Washington (CNN) - President Barack Obama thinks a Senate proposal to tax insurance companies that provide high-cost "Cadillac" health care coverage has merit, his senior adviser said Sunday.
In an interview on CNN's "State of the Union," Obama aide David Axelrod provided few details but offered some insight into how the president views aspects of emerging health care reform legislation.
“I think there’s a will to get this done,” Axelrod said of the end game of a national debate that has roiled for months. “People understand we’re on the doorstep of doing something really historic.
The House has passed its version of the bill, and Senate Democrats prepared to brave the aftermath of a blizzard Sunday in their push to pass their health care measure before Christmas. If the Senate passes a bill, the two versions would be merged into a final measure requiring approval from both chambers before going to Obama to be signed into law.
While the House and Senate bills agree on most issues, there are significant differences over how to pay for them and how they will expand health coverage to more than 30 million Americans currently uninsured.
The House bill calls for an income tax surcharge on the wealthy, while the Senate version would increase the Medicare payroll tax for those earning more than $200,000 and levy a tax on insurance companies that provide expensive health plans.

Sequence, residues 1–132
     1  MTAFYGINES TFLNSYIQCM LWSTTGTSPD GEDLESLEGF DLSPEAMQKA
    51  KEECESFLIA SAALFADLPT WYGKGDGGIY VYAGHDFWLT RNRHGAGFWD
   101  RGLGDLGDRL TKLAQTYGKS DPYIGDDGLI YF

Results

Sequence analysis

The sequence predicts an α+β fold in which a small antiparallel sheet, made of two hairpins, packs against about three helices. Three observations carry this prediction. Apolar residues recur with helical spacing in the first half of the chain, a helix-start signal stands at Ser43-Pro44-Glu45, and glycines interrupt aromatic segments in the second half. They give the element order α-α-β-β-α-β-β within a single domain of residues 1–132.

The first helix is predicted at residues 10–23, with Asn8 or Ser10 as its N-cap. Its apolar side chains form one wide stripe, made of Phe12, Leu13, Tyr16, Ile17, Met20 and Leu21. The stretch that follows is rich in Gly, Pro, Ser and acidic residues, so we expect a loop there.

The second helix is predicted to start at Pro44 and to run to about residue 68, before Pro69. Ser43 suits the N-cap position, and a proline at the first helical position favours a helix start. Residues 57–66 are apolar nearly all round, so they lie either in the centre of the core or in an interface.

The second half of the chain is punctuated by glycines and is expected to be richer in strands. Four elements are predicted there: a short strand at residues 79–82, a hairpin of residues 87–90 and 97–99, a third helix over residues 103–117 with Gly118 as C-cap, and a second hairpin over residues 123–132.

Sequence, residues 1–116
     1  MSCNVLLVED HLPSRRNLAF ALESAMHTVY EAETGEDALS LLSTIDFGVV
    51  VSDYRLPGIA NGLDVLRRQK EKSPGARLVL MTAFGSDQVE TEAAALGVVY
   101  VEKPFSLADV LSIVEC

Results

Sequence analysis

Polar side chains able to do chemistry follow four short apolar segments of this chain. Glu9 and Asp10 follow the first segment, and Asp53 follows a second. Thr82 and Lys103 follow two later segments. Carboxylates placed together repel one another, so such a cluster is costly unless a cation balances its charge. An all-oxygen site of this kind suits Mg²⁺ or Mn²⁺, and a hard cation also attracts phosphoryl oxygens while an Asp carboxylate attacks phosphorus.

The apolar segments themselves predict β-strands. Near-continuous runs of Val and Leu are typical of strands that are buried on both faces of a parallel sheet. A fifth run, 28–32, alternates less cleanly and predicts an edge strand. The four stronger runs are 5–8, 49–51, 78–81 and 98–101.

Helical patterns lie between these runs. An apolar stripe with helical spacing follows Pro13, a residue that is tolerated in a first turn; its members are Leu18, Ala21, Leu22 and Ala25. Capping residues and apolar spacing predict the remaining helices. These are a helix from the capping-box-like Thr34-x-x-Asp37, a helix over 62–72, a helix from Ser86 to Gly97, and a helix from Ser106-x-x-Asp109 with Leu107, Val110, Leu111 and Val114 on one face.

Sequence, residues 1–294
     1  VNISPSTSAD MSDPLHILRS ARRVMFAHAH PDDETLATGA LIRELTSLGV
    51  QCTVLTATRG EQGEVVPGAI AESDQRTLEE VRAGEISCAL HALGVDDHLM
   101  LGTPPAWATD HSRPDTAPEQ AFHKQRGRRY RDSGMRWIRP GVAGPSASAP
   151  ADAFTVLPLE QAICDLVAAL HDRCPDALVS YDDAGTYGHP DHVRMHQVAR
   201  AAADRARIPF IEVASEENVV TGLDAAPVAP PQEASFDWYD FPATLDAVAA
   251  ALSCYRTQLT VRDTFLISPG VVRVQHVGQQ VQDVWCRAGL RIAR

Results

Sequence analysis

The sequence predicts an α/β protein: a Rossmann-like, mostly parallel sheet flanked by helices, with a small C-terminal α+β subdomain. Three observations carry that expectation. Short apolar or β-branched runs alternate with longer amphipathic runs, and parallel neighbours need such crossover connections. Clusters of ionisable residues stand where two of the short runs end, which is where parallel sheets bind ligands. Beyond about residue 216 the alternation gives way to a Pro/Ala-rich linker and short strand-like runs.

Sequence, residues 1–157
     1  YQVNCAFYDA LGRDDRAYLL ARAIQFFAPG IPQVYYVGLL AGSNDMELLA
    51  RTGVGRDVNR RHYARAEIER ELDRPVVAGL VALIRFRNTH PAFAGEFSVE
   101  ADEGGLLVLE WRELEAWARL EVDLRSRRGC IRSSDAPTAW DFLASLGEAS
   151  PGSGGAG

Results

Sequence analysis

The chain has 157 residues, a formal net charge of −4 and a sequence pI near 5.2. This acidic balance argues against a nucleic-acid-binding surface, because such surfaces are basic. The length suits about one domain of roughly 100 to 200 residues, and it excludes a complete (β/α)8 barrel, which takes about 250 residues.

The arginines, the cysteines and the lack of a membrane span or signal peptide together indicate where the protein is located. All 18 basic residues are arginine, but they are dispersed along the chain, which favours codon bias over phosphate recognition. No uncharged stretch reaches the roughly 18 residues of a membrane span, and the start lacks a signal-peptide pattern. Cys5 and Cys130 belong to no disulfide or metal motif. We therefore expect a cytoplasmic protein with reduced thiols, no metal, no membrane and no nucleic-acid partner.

Axelrod avoided discussing details, but said that taxing the expensive insurance plans would lower their long-term costs because insurers would seek to bring down the price to avoid the tax.
Obama "thinks that has some merit," Axelrod said.
Organized labor opposes taxing expensive health plans, arguing such benefits have been negotiated for workers in lieu of pay raises in a changing economy.
Axelrod noted the plan would tax insurance companies, forcing them to become more efficient. Eventually, he said, reducing the cost of employer-provided health care should mean more money to raise wages.
Some liberal Democrats criticize the Senate bill as being too weak, but Axelrod said a final health care measure passed by Congress will mean historic and far-reaching benefits for the nation.
"It is so wrong to suggest that this is somehow some kind of middling improvement for the American people," he said.